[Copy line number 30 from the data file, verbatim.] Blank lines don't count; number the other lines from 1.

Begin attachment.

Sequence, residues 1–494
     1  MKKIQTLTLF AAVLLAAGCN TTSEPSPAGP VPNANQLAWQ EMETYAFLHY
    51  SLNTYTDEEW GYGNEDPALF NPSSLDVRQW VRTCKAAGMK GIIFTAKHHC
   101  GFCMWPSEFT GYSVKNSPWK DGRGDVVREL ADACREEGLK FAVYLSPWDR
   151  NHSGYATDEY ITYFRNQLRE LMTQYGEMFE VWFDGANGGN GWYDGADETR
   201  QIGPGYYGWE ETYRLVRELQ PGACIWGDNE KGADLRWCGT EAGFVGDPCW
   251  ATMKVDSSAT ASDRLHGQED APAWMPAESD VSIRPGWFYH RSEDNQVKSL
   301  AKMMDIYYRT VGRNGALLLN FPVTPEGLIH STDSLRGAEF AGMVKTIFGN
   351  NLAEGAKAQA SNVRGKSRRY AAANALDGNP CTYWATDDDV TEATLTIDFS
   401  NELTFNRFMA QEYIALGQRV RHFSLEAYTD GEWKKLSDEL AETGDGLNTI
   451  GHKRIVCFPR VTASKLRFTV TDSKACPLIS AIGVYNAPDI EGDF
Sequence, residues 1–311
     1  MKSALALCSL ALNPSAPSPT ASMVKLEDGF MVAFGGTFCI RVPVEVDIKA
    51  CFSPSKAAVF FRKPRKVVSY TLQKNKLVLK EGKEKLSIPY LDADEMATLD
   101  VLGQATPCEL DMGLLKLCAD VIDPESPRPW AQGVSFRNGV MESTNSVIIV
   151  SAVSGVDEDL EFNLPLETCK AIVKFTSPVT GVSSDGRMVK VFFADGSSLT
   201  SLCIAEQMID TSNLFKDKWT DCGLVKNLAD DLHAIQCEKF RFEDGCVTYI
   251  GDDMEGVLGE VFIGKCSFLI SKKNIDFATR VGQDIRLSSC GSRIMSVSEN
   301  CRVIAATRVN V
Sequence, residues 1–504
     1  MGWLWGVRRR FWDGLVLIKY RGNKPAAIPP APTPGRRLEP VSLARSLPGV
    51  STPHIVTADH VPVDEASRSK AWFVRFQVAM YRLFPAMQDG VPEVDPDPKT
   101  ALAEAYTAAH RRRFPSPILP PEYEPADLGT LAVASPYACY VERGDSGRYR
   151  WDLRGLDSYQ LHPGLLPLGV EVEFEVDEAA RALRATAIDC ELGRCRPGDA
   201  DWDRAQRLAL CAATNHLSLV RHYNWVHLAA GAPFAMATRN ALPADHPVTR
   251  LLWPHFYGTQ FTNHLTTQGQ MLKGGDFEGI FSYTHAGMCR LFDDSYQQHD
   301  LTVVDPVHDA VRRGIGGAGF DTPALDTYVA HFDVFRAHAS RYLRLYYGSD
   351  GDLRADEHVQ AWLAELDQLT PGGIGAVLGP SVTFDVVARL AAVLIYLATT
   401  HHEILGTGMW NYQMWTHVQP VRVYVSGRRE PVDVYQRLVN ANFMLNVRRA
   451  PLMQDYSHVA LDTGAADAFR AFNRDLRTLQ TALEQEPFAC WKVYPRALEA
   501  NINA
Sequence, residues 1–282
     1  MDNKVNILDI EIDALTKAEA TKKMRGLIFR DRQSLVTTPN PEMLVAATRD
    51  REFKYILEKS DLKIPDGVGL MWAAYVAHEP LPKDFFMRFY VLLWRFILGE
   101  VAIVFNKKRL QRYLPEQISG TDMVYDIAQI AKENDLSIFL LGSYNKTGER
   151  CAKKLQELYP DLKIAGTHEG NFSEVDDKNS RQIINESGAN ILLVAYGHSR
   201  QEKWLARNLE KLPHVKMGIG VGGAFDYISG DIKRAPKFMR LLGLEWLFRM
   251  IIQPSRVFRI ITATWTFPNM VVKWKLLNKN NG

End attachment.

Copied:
   451  PLMQDYSHVA LDTGAADAFR AFNRDLRTLQ TALEQEPFAC WKVYPRALEA